C source language database

roedy@BIX.com (Roedy Green)
Wed, 17 Aug 1994 17:23:14 GMT

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C source language database roedy@BIX.com (1994-08-17)
Re: C source language database wgsteven@undergrad.math.uwaterloo.ca (1994-08-19)
Re: C source language database bfriesen@iphase.com (1994-08-23)
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Newsgroups: comp.compilers
From: roedy@BIX.com (Roedy Green)
Keywords: C++, design, comment
Organization: Canadian Mind Products
Date: Wed, 17 Aug 1994 17:23:14 GMT

I have been using Forth and my own language Abundance these last 15 years.
For financial reasons I had to take a job for someone else using C++ and
Windows. It is like programming under water. Everything is so verbose and
the simplest things take pages and pages of code. Compilations take hours
that I am used to handling in less than a second.

You can't just change the C++ language to suit your problem, so I began to
wonder what could be done to help if source code were stored in DATABASE
form rather than a raw text file.

Some of the features I thought would be possible once you store your
project in a database are:

GUI display of loops and nests with lines and blocks -- like a flow chart.

GUI display of expressions using variable sized parentheses to make eyeball
matching easier -- set them mathematical Tex style e.g. with division as
line with numerator on top. Precedence could be visually much more
obvious. You could configure just how much parenthesizing you want to see,
depending on how much you trust your knowledge of the precedence order.

Outline processor type collapse/expand of detail -- including expanding
into body of a function from any of its calls. Collapsed pieces leave
structured comment "Chesire smiles" behind. Details of variable definition
is expandable from any use of a variable. e.g. in collapsed form a for
loop might say "for each widget" or "for all posted transactions"

Fuzzy name search. That would add at least an hour to my day.

Point and shoot at lists of names currently in scope instead of typing
them. Palettes of recently used names, or names most likely to be used in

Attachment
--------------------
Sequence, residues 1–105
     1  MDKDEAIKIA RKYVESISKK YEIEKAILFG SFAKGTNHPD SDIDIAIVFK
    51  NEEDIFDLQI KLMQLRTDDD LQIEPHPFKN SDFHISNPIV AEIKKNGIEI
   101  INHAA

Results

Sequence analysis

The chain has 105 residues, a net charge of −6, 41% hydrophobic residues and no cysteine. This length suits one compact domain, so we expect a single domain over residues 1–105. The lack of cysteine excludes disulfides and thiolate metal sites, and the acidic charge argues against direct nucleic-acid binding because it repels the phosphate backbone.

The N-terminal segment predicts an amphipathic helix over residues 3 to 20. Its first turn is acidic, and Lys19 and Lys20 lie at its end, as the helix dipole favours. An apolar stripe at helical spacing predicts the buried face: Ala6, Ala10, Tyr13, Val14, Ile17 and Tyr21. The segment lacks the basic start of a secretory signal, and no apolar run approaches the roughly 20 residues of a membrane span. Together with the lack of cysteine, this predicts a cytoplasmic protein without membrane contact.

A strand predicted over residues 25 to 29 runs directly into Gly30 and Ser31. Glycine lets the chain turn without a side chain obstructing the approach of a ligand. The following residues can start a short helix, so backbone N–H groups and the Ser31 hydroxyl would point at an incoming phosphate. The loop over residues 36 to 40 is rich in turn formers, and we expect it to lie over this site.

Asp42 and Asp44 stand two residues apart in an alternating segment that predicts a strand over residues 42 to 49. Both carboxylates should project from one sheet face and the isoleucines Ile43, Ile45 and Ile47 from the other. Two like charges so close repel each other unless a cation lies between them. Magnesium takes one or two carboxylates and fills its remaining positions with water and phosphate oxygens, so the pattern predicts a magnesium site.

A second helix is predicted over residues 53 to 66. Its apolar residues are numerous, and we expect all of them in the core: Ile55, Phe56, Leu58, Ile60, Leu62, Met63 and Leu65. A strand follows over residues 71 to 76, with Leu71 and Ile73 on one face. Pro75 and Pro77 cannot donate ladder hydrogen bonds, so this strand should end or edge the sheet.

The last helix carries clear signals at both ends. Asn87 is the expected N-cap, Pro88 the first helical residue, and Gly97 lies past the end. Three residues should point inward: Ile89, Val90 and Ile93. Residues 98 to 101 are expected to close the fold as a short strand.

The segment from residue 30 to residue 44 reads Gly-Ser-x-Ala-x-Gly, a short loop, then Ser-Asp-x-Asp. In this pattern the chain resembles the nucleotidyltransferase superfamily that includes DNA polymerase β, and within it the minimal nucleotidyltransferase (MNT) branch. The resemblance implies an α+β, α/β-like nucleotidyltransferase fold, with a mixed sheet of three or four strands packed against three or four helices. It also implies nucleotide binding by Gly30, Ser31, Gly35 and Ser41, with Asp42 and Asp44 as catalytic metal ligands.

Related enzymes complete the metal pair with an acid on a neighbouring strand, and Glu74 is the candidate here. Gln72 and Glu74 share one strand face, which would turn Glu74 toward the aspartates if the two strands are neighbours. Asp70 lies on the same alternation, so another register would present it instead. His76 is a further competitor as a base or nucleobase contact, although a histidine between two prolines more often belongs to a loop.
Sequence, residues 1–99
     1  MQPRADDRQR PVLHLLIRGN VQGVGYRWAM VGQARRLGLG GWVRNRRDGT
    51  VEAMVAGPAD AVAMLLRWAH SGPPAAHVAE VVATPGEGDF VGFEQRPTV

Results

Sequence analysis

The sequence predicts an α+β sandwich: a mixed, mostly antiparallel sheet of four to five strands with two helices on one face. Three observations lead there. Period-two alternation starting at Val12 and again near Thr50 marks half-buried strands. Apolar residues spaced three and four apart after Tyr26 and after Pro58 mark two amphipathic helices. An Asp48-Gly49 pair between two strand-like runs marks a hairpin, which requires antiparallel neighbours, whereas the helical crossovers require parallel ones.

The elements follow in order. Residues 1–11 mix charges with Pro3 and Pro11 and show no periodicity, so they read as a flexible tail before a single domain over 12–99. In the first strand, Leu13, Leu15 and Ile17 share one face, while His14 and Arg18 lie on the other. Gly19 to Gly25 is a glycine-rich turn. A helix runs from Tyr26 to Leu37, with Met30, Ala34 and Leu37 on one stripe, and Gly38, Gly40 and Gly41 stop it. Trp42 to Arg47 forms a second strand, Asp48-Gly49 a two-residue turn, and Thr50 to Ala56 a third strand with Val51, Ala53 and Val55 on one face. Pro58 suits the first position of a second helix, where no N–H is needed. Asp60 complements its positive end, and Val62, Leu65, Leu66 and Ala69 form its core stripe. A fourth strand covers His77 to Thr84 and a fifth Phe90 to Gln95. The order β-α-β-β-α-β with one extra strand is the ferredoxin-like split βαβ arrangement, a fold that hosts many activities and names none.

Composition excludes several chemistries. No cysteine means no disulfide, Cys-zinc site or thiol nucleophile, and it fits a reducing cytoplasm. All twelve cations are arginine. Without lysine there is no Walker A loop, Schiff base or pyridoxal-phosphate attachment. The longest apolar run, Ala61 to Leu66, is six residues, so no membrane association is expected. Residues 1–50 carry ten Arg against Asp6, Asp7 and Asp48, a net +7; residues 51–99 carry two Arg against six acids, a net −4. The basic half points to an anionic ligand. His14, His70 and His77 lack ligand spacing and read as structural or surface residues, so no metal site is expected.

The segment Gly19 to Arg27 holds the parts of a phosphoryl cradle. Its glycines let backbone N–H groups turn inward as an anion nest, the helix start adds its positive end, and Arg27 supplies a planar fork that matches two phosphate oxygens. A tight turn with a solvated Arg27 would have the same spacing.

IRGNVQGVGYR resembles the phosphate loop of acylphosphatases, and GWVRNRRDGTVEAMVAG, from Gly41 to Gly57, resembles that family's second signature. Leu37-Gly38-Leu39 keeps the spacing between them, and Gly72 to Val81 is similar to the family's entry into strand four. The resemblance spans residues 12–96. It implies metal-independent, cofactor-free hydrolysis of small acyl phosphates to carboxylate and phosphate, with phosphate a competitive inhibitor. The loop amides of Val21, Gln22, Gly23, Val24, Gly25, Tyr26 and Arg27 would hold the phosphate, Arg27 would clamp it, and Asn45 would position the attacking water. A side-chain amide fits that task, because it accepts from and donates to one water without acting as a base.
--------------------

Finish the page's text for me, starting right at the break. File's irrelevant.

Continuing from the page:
a given context. Palettes of names of things most closely related to
something you point to -- in the Magellan sense of often seen in each
other's company.

Tracking and ticking off all uses of a given variable or function. You
might do this prior to or during making an interface change.

Use of colour, font, and typeface to highlight whatever is currently of
interest -- colour encoding of types or function/variables undergoing

Global safe renaming even when many programmers are currently working on
parts of the code that need renaming. Usually global renaming in
impossible because other programmers have parts of the project locked.

Private short names. Use names that are mnemonic or easy to type for YOU.
No one else has to see them.

International language support in source code, commentary, and end product.
  Soon we may have international project teams.

PVCS version control without locking. JOBS (a related suite of changes to
many modules) can be applied or removed from the entire body -- all
programmers work on the same database, able to hide or reveal other's
recent changes.

Very fine tracking on what has recently changed for intelligent MAKE. None
of this nonsense of recompiling the universe because you added a comment to
a universally included *.H file.

Browse/cross reference that is always up to date.

Background continuous recompilation.

Incremental compilation.

Interpretive debugging with tons of additional safety checks built in.

Code generation for common tasks like building Windows dialog boxes.

Once you have a database, you have a much tighter handle on your source
than if you try do to these same things on the raw text.


I wondered what products currently exist that do anything like this,
including traditional smart text editors. I'd like to try them out to see
if any of these ideas are indeed useful. My main concern is the lack of
ability to cut and paste, and have a temporary mess than looks nothing like
valid C++ code.

I also wondered how I might demonstrate the concept quickly, by gluing
together bits of existing stuff. In particular, I would need a C++ parser
to import existing C++ source that could let me ALSO extract the comments
and put them into a more structured form -- just what they apply to, and
what level of detail they represent. I would also need some way of storing
this multi-user tangled web with persistent objects.

[A lot of these are available in CASE environments. -John]

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